New imaging capability reveals possible key to extending battery lifetime, capacity
A new method developed for studying battery failures points to the potential next step in extending lithium ion battery lifetime and capacity, opening a path to wider use of these batteries in conjunction with renewable energy sources
Lithium ion batteries power mobile devices and electric cars and help to store energy from renewable, yet intermittent sources of energy such as wind and solar. But many cycles of charging and discharging lead to battery failures and capacity loss, limiting their useful life.
A novel X-ray technique used at the U.S. Department of Energy's Advanced Photon Source has revealed surprising dynamics in the nanomechanics of operating batteries and suggests a way to mitigate battery failures by minimizing the generation of elastic energy.
Lithium ions strain the material as they shuttle between electrodes and can even alter its structure, which lead to defects. Designs for more resilient electrodes will rely on fundamental understanding of the interactions between lithium ions and electrodes within the structure of a battery. But until now scientists have been unable to sufficiently characterize single nanoparticle behavior in batteries under real operating conditions.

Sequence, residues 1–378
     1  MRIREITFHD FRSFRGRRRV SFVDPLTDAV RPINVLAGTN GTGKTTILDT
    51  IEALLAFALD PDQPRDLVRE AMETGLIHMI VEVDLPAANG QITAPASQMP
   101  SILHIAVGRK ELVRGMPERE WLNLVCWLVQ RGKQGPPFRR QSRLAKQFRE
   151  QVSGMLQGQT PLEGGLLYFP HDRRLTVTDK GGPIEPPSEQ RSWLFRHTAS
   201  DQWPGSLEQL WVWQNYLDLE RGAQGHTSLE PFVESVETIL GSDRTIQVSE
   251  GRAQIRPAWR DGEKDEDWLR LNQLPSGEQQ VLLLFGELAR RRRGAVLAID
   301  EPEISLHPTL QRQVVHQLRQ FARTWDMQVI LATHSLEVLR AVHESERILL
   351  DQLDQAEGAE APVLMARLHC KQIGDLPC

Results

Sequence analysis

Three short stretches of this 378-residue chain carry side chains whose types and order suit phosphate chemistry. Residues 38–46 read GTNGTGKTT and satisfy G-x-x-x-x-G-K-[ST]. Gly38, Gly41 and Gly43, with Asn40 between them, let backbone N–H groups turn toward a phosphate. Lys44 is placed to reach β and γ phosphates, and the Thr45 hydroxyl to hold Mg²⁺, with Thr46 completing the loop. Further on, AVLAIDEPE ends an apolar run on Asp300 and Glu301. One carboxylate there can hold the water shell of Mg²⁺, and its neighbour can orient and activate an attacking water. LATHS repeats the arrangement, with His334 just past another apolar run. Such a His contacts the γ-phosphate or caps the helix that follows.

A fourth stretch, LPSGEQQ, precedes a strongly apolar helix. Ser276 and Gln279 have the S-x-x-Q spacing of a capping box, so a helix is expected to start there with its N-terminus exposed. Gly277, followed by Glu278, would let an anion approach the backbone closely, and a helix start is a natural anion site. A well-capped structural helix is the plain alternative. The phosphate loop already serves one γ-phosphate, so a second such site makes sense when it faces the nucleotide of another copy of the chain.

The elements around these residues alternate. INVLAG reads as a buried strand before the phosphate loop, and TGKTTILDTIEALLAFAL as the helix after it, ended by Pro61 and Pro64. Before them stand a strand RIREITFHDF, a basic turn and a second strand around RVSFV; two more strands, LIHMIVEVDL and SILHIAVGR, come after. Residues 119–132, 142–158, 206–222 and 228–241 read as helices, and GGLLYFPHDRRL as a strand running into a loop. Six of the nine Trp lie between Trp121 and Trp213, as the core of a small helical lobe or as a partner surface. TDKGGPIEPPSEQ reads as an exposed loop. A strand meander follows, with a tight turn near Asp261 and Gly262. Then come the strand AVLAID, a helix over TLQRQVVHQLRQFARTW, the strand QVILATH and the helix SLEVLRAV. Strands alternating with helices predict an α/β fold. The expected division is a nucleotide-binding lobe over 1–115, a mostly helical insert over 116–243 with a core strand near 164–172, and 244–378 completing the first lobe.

Using coherent X-ray diffractive imaging, a team of researchers for the APS, the University of California-San Diego, SLAC National Accelerator Laboratory and the Center for Free-Electron Laser Science mapped the three-dimensional strain in individual nanoparticles within the electrodes of operating coin cell batteries, like those found in watches. In a paper recently published in Nano Letters, the team reported evidence that the history of charge cycles alters the patterns of strain in single particles of the electrode material.
This new approach will help to reveal fundamental processes underlying the transfer of electrical charge, insight that could help to guide the design of economical batteries with longer useful lives.
This discovery was only made possible by the ability to use extend the use of CDI to study batteries cycling under read operating conditions.
The APS is one of the few places where this research can be done.
"Bragg Coherent Diffraction imaging (Bragg-CDI) is a technique that only uses the coherent part of the beam. Furthermore, it can pick out single nanocrystals based on their crystal structure, and map out the evolution of strain inside the nanostructure as the whole battery is cycled." said Ross Harder, an author on the papers and X-ray physicist at the APS. "The high brilliance of the APS at high photon energies is a necessary requirement to pursue this kind of research on individual nanoparticles inside their intact matrix. The APS Upgrade with will allow us look at nanoscale systems of this complex nature with orders of magnitude increased speed, sensitivity and resolution, " said Jörg Maser, co-author on the papers and X-ray physicist at the APS.
This work was funded by the DOE Office of Science and a UC San Diego Chancellor's Interdisciplinary Collaborators Award. The APS is a DOE Office of Science User Facility at Argonne National Laboratory.
Hyung-Man Cho and Jong Woo Kim, graduate students in materials science and engineering at UC-Davis, Jörg Maser and Ross Harder of Argonne National Laboratory and Jesse Clark of SLAC National Accelerator Laboratory contributed to this work, which was directed by UC-Davis Shirley Meng, professor of nanoengineering and Oleg Shpyrko professor of physics.